JKUAT Physios Play Lead Roles at Tokyo Olympics

Dr. Tawa guides 400m runner Hellen Syombua in training/picture courtesy

Jomo Kenyatta University of Agriculture and Technology (JKUAT) staff and alumni who are physiotherapy professionals, played leading roles in the just concluded 2020 Tokyo Olympic games.

 The National Olympic Committee of Kenya (NOC-K) selected a team of ten highly qualified and experienced physiotherapists in the field of sports and tasked them with the responsibility of enhancing the fitness levels of Kenyan Olympians and keeping them in peak conditions in readiness for their respective games. 7 out 10 the of the selected members were JKUAT staff and alumni.

The team was headed by Dr. Nassib Tawa, a senior lecturer and researcher at the Department of Physiotherapy at JKUAT. Dr. Tawa was named Kenya’s Chief Physiotherapist in the field of Sports and Orthopedics in the 2020 Tokyo Olympics.

JKUAT alumni Physiotherapists for Team Kenya were; Joseph Koli (Taekwondo), Sospeter Kinuthia (Boxing), Sara Karongo (Volleyball Women), Emilly Koskei, Peter Nduhiu and Japheth Kariakim (Athletics) and Teresia Ogumbo (Paralympics). The rest included Lamech Bogonko (Rugby Men), Ben Mahinda (Rugby Women) Jessica Shiraku (athletics).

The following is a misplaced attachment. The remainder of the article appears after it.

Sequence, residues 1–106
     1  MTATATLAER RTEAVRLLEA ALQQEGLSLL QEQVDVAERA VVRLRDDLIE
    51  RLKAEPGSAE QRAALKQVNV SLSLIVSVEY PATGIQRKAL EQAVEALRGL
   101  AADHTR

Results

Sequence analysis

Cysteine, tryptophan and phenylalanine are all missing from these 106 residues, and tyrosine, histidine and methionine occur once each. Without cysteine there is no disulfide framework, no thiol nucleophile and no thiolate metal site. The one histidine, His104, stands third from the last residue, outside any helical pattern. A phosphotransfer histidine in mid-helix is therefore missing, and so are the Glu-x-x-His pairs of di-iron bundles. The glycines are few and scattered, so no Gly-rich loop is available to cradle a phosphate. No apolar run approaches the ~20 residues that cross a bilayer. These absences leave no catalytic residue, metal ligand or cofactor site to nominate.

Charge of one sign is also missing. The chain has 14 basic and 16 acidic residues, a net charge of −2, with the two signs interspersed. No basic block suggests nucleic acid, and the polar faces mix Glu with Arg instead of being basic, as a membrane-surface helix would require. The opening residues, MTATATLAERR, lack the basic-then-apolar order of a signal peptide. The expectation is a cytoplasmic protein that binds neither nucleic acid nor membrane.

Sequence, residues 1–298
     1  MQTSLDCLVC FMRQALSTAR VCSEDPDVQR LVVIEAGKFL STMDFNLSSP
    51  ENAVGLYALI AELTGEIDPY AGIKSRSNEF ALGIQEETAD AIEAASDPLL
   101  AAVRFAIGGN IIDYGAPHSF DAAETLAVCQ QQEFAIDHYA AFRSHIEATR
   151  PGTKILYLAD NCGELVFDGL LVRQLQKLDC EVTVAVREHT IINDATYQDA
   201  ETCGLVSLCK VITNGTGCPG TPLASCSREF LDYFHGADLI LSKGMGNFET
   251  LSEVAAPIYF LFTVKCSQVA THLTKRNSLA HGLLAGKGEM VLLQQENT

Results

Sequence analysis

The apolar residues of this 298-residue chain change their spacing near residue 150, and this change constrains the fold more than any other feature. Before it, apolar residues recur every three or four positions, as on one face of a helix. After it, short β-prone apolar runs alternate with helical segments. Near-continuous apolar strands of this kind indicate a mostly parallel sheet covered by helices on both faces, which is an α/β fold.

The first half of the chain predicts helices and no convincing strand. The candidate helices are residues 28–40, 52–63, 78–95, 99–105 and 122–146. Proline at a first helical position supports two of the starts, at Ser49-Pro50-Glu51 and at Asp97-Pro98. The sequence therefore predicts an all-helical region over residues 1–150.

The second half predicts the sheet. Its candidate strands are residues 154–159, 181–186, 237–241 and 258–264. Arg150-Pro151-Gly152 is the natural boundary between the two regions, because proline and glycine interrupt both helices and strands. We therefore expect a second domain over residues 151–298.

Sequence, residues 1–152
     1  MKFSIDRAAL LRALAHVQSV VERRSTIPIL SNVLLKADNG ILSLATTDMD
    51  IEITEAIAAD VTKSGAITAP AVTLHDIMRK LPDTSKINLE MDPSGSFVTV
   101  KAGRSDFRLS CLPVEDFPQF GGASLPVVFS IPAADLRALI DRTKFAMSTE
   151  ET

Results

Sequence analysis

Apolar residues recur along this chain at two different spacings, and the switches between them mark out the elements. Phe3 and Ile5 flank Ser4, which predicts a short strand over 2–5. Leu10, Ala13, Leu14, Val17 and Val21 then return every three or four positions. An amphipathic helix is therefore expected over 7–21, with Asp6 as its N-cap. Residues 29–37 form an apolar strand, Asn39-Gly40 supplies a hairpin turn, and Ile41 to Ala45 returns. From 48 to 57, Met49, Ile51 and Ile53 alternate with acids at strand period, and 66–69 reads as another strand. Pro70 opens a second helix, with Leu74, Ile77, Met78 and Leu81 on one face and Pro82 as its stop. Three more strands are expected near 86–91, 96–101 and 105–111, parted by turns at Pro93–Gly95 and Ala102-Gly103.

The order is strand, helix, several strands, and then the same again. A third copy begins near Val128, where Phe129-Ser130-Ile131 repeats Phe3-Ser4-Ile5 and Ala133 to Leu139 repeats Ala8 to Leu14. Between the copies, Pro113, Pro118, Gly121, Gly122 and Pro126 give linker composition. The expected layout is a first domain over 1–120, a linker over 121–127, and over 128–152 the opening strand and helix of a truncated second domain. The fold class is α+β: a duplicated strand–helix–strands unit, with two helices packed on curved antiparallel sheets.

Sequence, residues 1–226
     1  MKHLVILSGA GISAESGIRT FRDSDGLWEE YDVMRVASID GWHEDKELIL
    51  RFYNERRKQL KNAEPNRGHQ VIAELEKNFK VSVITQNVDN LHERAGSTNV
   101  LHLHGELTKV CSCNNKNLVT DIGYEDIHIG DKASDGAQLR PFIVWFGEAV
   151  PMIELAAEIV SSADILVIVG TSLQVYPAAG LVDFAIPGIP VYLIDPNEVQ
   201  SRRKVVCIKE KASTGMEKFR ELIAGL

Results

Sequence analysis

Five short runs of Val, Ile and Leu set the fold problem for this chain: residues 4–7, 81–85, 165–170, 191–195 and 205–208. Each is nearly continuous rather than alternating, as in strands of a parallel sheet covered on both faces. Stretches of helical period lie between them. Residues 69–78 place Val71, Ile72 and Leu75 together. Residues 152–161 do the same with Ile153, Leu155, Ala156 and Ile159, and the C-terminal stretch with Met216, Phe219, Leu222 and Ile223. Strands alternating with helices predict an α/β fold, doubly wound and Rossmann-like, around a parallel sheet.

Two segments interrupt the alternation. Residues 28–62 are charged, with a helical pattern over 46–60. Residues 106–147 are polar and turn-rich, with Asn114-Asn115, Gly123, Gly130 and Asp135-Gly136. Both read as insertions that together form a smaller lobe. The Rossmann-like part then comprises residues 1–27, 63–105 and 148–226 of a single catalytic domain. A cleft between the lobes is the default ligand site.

Speaking after the games, Dr. Tawa underscored the significance of the role of physiotherapy in training sessions, on-camp treatment and recovery and rehabilitation protocols for athletes.

“The journey towards participation and success in major sporting events like the Olympics is always demanding because it involves high intensity and regular trainings. Whereas this is important for the preparation of the athletes towards high performance, on the flip side, it increases the levels of risk to injuries,” explained Dr. Tawa.

He added that physiotherapy is critical in providing evidence-based advice on safe participation in sport and exercise.

Apart from providing conditioning expertise to Team Kenya, the physiotherapists were also required to collect and analyze data of all Kenyan Olympians regarding their medical and fitness screening, physical and performance status as well as injury surveillance, treatment and rehabilitation protocols.

Dr. Tawa said the data analysis of an athlete is in line with the current global trends in the field of sports medicine and exercise science, further explaining “that the aim of data analysis is to develop a comprehensive reference data-set for individual Kenyan elite athletes, in order to guide athlete trainers and other support personnel on how best to implement high performance training”.

Kenya topped the African medal charts at Tokyo 2020, albeit with a reduced medal haul of four gold, four silver and two bronze compared to the six gold, six silver and two bronze the country minted at Rio 2016.

Comments are closed.